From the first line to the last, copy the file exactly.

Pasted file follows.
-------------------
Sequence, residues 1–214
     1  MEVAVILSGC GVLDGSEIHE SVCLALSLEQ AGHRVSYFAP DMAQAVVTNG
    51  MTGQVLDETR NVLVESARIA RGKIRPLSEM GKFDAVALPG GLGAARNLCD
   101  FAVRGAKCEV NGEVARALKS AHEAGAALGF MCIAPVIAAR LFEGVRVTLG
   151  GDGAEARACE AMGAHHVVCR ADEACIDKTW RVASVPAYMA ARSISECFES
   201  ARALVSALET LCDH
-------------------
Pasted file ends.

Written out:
Sequence, residues 1–214
     1  MEVAVILSGC GVLDGSEIHE SVCLALSLEQ AGHRVSYFAP DMAQAVVTNG
    51  MTGQVLDETR NVLVESARIA RGKIRPLSEM GKFDAVALPG GLGAARNLCD
   101  FAVRGAKCEV NGEVARALKS AHEAGAALGF MCIAPVIAAR LFEGVRVTLG
   151  GDGAEARACE AMGAHHVVCR ADEACIDKTW RVASVPAYMA ARSISECFES
   201  ARALVSALET LCDH